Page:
Prime Ag Soils In Jeopardy?

Let’s take a second to think about what Vermont’s landscape will look like 100 years from now.  Good.  You closed your eyes and pictured this:


Or did you picture this:

Or something in between?

A recent Vermont Supreme Court decision might make it easier for developers, like the one on the right, to build on prime agricultural soils.  The decision could set a precedent that requires the Environmental Court to consider costs associated with tree removal as part of the equation that determines whether or not developers pay into a fund that preserves prime agricultural soils.  It is a precedent that ultimately might put more of what many deem to be a priceless resource, Vermont’s prime agricultural soils, in jeopardy.  A bit more on this case a bit later, but first here’s some background:

Protecting farmland forever is possible in Vermont with off-site mitigation funds set aside through the Act 250 process.   Act 250 was designed to foster a delicate balance between development and agriculture.  Off-site mitigation fees are imposed on developers who undertake projects that involve the disturbance of primary agricultural soils.  The fees are placed into a fund that backs the purchase of conservation easements for farms in other locations with prime agricultural soils.  Off-site mitigation fees, in most cases, must cover the purchase of conservation easements for at least twice the acreage of soils that are being disturbed in the development project.

What does this mean for new farmers hoping to find good land?  While the total base of tillable land in Vermont will shrink with each development project that overtakes farmland, at least there is a mechanism in place to ensure that some acreage will always be available for farming, and if the opportunity is right, at bargain prices.  The Vermont Land Trust’s Farmland Access Program, for example, has transferred conserved properties to eligible new farmers at the reduced “agricultural use” value of the property.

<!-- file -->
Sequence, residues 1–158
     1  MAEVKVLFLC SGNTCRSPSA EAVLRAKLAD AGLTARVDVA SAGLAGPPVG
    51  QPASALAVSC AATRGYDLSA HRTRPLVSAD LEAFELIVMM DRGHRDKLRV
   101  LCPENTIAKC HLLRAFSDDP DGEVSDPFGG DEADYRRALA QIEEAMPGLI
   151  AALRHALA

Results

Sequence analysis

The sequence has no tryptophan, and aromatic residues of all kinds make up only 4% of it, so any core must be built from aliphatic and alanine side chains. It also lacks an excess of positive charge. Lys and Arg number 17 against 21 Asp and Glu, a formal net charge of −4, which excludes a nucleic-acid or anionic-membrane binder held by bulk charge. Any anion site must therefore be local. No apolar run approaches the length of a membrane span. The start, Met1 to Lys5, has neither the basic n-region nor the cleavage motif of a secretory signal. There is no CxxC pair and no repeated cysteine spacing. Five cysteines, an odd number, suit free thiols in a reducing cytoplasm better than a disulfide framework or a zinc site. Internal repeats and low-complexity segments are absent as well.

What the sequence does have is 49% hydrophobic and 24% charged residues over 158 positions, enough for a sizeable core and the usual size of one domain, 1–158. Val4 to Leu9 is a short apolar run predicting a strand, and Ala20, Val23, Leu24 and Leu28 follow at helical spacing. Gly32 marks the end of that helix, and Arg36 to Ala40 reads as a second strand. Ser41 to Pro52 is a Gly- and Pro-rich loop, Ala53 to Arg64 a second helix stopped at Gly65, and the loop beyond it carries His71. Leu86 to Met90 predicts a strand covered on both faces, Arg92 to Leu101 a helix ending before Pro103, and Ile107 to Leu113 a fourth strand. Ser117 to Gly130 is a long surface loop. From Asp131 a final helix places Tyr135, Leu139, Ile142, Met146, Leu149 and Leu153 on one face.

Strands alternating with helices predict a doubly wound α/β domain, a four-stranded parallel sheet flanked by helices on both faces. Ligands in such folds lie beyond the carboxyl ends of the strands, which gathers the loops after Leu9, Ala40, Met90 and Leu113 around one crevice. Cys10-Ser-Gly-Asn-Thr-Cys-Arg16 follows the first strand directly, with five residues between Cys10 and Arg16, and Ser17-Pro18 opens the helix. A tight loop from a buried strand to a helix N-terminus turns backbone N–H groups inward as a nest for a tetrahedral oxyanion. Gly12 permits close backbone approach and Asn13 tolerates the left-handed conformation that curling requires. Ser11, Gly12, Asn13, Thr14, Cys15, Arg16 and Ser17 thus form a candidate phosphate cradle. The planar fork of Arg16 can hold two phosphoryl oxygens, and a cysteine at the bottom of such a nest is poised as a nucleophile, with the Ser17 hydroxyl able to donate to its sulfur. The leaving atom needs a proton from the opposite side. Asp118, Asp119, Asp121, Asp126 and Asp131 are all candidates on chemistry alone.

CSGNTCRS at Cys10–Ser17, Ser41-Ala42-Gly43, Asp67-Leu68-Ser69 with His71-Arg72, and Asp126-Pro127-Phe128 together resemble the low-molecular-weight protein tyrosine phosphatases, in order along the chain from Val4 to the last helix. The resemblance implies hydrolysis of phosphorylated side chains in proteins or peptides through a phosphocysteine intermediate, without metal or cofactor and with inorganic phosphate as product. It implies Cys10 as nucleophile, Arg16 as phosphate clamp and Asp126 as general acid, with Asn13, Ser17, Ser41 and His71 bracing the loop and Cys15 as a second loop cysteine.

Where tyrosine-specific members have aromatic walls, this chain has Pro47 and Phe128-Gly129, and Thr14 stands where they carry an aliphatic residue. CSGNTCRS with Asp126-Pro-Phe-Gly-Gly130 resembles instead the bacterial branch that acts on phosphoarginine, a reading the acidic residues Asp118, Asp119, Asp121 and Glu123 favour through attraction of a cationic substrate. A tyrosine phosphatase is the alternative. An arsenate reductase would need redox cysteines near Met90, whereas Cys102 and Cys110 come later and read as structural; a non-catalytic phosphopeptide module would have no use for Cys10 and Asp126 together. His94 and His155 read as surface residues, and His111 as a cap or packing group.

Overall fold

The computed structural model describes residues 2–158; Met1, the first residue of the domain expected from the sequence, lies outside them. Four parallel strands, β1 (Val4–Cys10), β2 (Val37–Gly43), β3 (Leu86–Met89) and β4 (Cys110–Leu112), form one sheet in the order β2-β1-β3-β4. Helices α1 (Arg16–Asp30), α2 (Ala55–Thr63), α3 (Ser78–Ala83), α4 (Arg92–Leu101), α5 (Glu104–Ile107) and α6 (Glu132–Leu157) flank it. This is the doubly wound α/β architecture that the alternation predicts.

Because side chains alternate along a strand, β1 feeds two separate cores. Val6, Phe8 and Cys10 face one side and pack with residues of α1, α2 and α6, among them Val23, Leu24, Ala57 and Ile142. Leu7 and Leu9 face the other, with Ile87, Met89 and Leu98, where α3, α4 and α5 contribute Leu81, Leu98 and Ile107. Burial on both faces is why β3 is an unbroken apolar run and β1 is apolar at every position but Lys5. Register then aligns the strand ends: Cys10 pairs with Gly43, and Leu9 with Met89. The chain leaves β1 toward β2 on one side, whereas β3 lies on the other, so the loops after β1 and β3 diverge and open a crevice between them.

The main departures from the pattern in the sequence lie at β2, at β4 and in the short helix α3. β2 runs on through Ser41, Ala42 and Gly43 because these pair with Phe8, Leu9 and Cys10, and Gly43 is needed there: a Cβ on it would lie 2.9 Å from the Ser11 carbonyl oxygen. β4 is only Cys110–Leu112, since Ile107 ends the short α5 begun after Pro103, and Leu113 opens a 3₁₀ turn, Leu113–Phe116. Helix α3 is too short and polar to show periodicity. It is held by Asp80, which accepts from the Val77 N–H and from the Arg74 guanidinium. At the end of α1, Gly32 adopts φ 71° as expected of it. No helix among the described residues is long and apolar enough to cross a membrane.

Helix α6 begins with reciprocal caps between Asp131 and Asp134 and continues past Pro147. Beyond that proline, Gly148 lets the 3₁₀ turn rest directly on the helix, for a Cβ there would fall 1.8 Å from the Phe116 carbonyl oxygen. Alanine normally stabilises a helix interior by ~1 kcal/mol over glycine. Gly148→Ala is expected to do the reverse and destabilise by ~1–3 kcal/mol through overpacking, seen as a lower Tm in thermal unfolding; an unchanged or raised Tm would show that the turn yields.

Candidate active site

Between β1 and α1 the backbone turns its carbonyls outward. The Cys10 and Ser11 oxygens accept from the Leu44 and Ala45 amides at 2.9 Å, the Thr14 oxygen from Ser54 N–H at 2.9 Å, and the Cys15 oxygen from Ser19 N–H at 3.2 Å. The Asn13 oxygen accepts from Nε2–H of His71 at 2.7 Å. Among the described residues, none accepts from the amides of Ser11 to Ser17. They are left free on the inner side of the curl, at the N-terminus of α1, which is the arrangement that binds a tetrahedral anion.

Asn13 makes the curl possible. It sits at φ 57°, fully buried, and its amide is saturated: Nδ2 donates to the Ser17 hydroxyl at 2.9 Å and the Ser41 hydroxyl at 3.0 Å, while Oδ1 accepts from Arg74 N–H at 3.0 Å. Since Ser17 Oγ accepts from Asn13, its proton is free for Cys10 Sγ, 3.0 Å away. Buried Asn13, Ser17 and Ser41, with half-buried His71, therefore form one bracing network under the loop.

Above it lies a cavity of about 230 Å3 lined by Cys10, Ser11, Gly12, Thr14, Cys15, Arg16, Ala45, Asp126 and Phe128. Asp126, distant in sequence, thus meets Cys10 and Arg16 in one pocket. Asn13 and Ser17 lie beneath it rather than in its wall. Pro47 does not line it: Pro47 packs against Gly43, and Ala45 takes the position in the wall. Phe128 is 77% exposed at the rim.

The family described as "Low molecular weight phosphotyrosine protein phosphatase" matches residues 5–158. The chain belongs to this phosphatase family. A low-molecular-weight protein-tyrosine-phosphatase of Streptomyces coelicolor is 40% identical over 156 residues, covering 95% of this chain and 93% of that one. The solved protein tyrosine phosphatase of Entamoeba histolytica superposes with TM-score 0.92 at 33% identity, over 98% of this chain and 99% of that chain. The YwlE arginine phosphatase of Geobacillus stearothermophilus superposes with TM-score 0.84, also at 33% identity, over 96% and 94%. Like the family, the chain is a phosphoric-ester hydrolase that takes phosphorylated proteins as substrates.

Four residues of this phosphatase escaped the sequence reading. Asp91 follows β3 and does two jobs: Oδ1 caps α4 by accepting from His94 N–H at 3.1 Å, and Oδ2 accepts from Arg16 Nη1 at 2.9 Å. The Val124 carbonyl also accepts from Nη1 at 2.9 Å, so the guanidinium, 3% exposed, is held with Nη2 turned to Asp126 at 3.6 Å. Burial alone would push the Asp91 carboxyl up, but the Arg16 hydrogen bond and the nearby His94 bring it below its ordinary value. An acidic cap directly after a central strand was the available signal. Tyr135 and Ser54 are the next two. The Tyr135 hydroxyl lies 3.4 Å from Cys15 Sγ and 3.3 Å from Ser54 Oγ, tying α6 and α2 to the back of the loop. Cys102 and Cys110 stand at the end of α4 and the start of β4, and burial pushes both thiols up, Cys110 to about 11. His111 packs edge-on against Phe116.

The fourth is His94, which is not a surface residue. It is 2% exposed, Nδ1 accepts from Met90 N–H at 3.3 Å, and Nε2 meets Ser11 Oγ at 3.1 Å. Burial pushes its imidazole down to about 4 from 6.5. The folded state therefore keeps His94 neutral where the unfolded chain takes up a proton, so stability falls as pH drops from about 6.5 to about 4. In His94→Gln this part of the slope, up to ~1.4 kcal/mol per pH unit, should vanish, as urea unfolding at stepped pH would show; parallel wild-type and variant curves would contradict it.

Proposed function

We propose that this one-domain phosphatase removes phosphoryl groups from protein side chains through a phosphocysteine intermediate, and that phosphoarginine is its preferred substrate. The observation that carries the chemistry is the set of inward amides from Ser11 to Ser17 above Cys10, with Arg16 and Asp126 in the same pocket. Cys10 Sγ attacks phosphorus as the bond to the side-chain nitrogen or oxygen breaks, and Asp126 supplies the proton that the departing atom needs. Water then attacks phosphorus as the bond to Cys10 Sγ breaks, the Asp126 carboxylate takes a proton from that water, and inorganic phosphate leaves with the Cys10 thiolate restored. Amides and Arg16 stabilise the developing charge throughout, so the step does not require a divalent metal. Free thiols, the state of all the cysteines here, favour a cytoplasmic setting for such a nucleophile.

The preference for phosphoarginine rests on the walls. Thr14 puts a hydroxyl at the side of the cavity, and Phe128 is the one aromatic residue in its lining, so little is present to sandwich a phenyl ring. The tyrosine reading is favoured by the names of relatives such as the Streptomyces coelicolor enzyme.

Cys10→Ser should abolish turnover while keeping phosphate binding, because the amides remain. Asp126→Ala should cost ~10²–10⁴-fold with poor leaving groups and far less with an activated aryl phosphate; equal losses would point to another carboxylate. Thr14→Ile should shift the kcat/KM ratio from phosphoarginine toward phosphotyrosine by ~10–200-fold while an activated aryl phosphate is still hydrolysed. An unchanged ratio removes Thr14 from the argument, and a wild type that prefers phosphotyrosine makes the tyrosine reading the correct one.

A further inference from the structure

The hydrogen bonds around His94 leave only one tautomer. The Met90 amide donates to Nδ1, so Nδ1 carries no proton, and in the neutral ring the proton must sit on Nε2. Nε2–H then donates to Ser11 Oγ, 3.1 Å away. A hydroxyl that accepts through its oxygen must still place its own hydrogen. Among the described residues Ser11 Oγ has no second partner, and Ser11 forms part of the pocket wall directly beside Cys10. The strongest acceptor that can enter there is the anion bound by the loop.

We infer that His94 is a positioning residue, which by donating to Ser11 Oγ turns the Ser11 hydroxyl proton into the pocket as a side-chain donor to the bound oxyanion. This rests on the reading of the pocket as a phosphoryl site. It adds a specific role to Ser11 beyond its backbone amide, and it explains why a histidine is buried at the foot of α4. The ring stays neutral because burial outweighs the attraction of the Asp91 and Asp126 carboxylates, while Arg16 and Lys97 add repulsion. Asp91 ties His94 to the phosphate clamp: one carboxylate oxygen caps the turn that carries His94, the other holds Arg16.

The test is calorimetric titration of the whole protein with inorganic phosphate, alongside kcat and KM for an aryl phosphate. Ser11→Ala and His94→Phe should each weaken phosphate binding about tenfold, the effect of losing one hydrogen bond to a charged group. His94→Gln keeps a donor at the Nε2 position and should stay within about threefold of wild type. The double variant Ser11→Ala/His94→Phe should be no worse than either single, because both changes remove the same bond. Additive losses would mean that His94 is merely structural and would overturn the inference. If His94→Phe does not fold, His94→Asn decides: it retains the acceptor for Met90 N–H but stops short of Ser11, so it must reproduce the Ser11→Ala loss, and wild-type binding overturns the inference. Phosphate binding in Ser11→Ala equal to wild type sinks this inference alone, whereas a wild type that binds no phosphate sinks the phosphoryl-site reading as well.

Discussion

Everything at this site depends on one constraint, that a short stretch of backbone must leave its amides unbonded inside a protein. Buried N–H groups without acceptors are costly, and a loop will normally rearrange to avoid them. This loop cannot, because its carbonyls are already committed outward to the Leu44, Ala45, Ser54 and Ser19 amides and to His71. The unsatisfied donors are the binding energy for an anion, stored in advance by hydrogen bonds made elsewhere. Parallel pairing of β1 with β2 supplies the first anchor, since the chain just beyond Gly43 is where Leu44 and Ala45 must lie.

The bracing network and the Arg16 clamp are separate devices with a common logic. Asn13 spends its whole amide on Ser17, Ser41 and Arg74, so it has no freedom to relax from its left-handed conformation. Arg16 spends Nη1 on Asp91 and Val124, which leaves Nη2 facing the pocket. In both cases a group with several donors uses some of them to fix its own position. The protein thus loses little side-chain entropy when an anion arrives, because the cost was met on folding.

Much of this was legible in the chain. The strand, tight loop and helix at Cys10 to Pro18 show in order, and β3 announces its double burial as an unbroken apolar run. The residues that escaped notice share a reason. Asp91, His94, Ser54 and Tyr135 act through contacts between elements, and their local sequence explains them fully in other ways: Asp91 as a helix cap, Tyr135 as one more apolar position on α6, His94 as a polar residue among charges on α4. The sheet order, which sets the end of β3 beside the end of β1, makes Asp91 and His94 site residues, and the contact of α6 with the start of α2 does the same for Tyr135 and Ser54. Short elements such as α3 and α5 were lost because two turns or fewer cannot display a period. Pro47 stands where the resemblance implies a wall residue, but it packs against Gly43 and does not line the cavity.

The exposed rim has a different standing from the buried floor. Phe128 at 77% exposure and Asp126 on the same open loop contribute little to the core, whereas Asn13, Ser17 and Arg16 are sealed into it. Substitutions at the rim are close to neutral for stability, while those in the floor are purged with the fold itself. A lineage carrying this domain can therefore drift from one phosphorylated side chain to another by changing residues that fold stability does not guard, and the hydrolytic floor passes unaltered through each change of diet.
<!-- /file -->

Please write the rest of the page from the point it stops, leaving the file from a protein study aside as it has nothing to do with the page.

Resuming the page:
The Act 250 permit process can open doors for new farmers to lease land as well.  If development can happen in a way where prime agricultural soils can be set aside at the same property being developed, then the Act 250 permit is approved on the condition that there be soils set aside for on-site agricultural use.  In this case, the land would still be owned by another entity, and it could be leased to a farmer.

On-site mitigation is common in more rural areas where surrounding land is being farmed.  Off-site mitigation is more common in suburban or urban areas where it makes more sense to have denser development and less open space.  This is inline with initial Act 250 “smart growth” principles to “create compact urban and village centers surrounded by rural countryside.”

O.k., back to the 100 year vision of what Vermont’s landscape will look like.  Whether it be on-site or off-site, Act 250 mitigation and conservation easements through the Vermont Housing and Conservation Board and the land trusts are virtually the only tools Vermont currently has for ensuring the long-term accessibility of farmland for its farmers.  They’re some of the most effective tools Vermont has for preserving a ‘working landscape’ for its citizens.  In fact, if it were not for conservation easements (and ways of funding them, such as off-site mitigation) there would be little hope for having any farmland left in the state 100 years from now.

Those who support the idea of sustaining agriculture in Vermont might take serious issue, then, with a recent Vermont Supreme Court decision.  It might set a precedent that would significantly decrease the benefits of off-site mitigation and put more of Vermont’s prime agricultural soils in jeopardy.

The Court examined an appeal of a housing developer who wished to avoid paying into off-site mitigation  The argument was that because the prime agricultural soil was covered by trees, it presented a limitation too great for any farmer to overcome, and thus did not constitute a prime agricultural soil that required a developer to pay fees to mitigate.  (See a recent Burlington Free Press article by Joel Banner Baird)

I’ll be examining this Supreme Court decision in detail in my next blog post.  Needless to say, farmland is one of our most precious resources–prime farmland especially.   This issue definitely deserves a closer look.


About Ben Waterman

Ben writes about land access, tenure, and stewardship issues that are relevant to new farmers in Vermont. He coordinates the Land Access Program at UVM Center for Sustainable Agriculture:
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